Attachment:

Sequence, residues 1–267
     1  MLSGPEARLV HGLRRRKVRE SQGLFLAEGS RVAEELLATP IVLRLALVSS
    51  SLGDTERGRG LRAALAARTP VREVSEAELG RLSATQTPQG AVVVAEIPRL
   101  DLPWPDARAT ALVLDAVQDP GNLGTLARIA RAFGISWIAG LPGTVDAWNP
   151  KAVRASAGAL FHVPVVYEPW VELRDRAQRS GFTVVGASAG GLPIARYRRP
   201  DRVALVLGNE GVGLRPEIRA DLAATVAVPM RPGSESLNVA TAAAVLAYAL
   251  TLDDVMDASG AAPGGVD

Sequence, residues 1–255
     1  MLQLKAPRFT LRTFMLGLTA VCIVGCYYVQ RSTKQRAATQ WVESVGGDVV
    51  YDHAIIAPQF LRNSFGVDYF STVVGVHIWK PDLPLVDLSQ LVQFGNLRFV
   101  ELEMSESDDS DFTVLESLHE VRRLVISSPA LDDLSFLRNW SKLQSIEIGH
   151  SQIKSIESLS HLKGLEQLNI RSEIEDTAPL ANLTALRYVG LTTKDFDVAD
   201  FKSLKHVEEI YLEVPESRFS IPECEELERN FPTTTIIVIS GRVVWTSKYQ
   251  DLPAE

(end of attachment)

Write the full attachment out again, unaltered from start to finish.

Sequence, residues 1–267
     1  MLSGPEARLV HGLRRRKVRE SQGLFLAEGS RVAEELLATP IVLRLALVSS
    51  SLGDTERGRG LRAALAARTP VREVSEAELG RLSATQTPQG AVVVAEIPRL
   101  DLPWPDARAT ALVLDAVQDP GNLGTLARIA RAFGISWIAG LPGTVDAWNP
   151  KAVRASAGAL FHVPVVYEPW VELRDRAQRS GFTVVGASAG GLPIARYRRP
   201  DRVALVLGNE GVGLRPEIRA DLAATVAVPM RPGSESLNVA TAAAVLAYAL
   251  TLDDVMDASG AAPGGVD

Sequence, residues 1–255
     1  MLQLKAPRFT LRTFMLGLTA VCIVGCYYVQ RSTKQRAATQ WVESVGGDVV
    51  YDHAIIAPQF LRNSFGVDYF STVVGVHIWK PDLPLVDLSQ LVQFGNLRFV
   101  ELEMSESDDS DFTVLESLHE VRRLVISSPA LDDLSFLRNW SKLQSIEIGH
   151  SQIKSIESLS HLKGLEQLNI RSEIEDTAPL ANLTALRYVG LTTKDFDVAD
   201  FKSLKHVEEI YLEVPESRFS IPECEELERN FPTTTIIVIS GRVVWTSKYQ
   251  DLPAE